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updated 2/20/2011 9:54:49 AM ET 2011-02-20T14:54:49

Gunmen burst into a Kurdish television station in northern Iraq on Sunday, shooting up the equipment and setting fire to the building, apparently in retaliation for the station's airing footage of a deadly protest earlier in the week, station officials said.

A group of 40 to 50 gunmen wearing military style clothes attacked the headquarters of NRT television in Sulaimaniyah, 160 miles (260 kilometers) northeast of Baghdad, said Farhang Hars, a station spokesman. The station had been on the air for only a few days but had broadcast footage of a deadly protest this week in Sulaimaniyah.

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"The channel showed some footage from the last demonstration in Sulaimaniyah, and it seems our work annoyed some sides," said Shaswar Abdul-Wahid, the Kurdish businessman who owns the station. He did not elaborate on who he thought was responsible.

During Thursday's protest, security guards opened fire on a crowd of demonstrators that had surrounded the Sulaimaniyah headquarters of Kurdish President Massoud Barzani's political party and pelted it with stones.

Two people were killed and dozens were injured. Barzani's political party, the Kurdistan Democratic Party, said the guards were forced to defend themselves. Opposition groups described it as an attack against unarmed civilians.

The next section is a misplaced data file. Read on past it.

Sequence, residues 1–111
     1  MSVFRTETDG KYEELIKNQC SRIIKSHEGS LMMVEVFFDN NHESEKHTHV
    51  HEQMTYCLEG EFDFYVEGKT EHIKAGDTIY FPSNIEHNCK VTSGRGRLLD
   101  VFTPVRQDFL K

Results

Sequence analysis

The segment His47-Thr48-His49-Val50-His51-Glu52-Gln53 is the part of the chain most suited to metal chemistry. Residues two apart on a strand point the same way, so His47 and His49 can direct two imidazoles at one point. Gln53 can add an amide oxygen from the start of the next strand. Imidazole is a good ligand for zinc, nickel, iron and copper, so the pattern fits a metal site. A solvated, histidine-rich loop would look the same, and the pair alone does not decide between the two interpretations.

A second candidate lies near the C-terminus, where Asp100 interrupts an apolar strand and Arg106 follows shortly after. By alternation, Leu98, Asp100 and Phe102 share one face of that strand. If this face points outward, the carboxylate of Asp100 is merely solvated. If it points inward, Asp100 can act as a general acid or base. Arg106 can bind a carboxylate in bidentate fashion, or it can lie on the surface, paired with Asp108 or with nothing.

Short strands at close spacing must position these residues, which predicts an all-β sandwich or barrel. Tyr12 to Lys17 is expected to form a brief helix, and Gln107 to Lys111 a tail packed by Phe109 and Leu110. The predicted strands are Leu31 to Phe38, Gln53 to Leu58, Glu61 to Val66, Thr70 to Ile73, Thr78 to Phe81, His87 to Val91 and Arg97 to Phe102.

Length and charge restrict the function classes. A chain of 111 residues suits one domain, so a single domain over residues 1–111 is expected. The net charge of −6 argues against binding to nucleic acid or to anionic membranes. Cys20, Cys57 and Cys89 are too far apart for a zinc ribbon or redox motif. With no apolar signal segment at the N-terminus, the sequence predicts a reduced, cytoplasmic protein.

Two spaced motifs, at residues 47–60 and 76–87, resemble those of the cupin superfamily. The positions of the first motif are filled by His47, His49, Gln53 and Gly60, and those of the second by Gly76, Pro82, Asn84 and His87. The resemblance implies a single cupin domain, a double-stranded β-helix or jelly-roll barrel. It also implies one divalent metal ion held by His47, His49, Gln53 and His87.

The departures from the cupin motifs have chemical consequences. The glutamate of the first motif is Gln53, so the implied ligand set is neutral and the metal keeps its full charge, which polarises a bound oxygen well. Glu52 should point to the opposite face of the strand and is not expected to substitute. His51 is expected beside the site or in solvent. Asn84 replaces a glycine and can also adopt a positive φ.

The three provinces that make up the autonomous Kurdish region in northern Iraq generally enjoy greater economic success than the rest of the country, but many Kurds are angry with the stranglehold with which the two ruling parties control the region's politics and economy.

Story: Kurdish guards fire on protest in Iraq, killing 2

Iraqis across the country have been following the uprisings in Egypt and Tunisia intently and venting their anger against their democratically elected leaders over a lack of jobs, corruption and shoddy services.

The prime minister of the Kurdish region, Barham Saleh, condemned the attack in a press release and said it would be investigated.

Copyright 2011 The Associated Press. All rights reserved. This material may not be published, broadcast, rewritten or redistributed.

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